In this video replay of an Online Presenters workshop, Sheryl Roush guides us through the process of connecting with any audience (online or off) by understanding the different communication styles of audience members.
Jim Guld and Chris Guld of Geeks on Tour shared the basics of light, video, and sound you need to understand to do professional live video. They host a weekly YouTube Live show on technology for travelers as a service to attendees at their in-person seminars and members of their subscription website. They have recently added a second weekly show on Facebook Live.
Because they do these broadcasts on the road, from a traveling studio in their camper van, as well as from their home office, they offer a unique perspective on how to achieve a professional setup in any circumstance.
This is the replay of a Facebook Live broadcast with tips for speakers and Toastmasters leaders about how to use the Facebook platform. You may want to fast forward to about 3:40 when the program really begins (or look at how I try to stall for time in those first few minutes while I’m finishing the preparations I couldn’t get done until the broadcast started streaming).
Facebook Live is a very powerful tool for democratizing access to online video broadcasting, but until recently I thought of it as something you could only do from your phone. I knew some professional broadcasters had put on more elaborate productions, but I didn’t realize those techniques were within easy reach thanks to free open source software.
He pointed me to a Social Media Examiner tutorial on connecting the OBS Studio software to the Facebook Live service. That article does a great job of explaining all the detailed settings you need to get right for OBS and Facebook Live to work together. What I’m sharing below are the things I needed to figure out for myself as I considered how I would put these tools to work. In particular, the Social Media Examiner tutorial gives a passing mention to the ability to define different combinations of auto, video, and images as “scenes” in the OBS software and switch between them during the program.
That is what I explore in detail in this first video clip.
To stream from OBS Studio to Facebook Live, you first obtain an API key code from Facebook and enter it into OBS.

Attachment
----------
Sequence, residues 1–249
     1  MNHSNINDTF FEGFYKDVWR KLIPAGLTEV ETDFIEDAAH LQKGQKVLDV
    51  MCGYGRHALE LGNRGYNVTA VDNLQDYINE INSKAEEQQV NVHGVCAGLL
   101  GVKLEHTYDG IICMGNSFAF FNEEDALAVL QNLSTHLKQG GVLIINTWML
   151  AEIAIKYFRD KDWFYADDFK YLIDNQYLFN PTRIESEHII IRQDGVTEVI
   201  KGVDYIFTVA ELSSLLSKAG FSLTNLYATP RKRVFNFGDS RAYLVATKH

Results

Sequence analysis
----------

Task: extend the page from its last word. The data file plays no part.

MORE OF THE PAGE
Here is what that process looks like:
Important: If you will be looking at the audience view of your broadcast (as shown here) on another tab of your laptop, or on another device such as an iPad, be sure to mute the speakers (otherwise you’ll get a really horrible echo).
Another way of getting the link to your program is to schedule it in advance. Here’s how.
John Haydon visited Online Presenters to show how he and his clients have used Facebook Live successfully to engage with customers, prospects, supporters, and donors. Haydon is the author of Facebook Marketing for Dummies and an authority on social media marketing strategies for nonprofits.
Ironically, given that most of his Hump Day shows are just him talking to the camera (his iPhone mounted on a tripod), you won’t see his face in this recording because he was unable to get his laptop webcam working with our online meetings software. I’ve also shared an example of one of his programs, where the topic was also Facebook Live, below.
Here is a great example of a typical Hump Day show, one in which Haydon is discussing Facebook Live ideas for nonprofits participating in the November 28 #GivingTuesday online event.
In addition to the selfie video style of presentation, I have also seen him do a Facebook Live show from his laptop, including screen sharing. That is possible to do with Facebook Live, although it requires additional software. He uses OBS Studio, a free open source product (see this how-to article). If you need to demo software, that can make sense. However, if you really want to make an emotional connection with your audience, talking directly to the camera may be best.
I’ve done some experiments of my own using OBS Studio and Facebook Live, in search of ways to blend the best of both modes by switching between screen sharing and face-on-camera modes. See my tutorial.
In our workshop, Haydon shared a number of other styles of Facebook Live use, including real estate walkthroughs and broadcasting feeding time for puppies from the animal shelter, that he has seen used effectively.
I believe this is a powerful tool for doing online presentations that Toastmasters ought to learn to use effectively.
Confused about the Toastmasters’ organization structure? What exactly is a Region Advisor? How does this person help the district and our members? This webinar provides an overview of the role, the structure, and key lessons from Carol’s experience. The audience asked great questions, too.
Our speaker is a nine-year member of Toastmasters and the immediate past Region Advisor for Region 6. Region 6 includes 20,000 members located in Michigan, Ontario, Quebec, northern Ohio and a tiny bit of New York state.
She is a member of four Toastmasters clubs, including this club, Online Presenters, as well as a full-time business professor at Michigan State.
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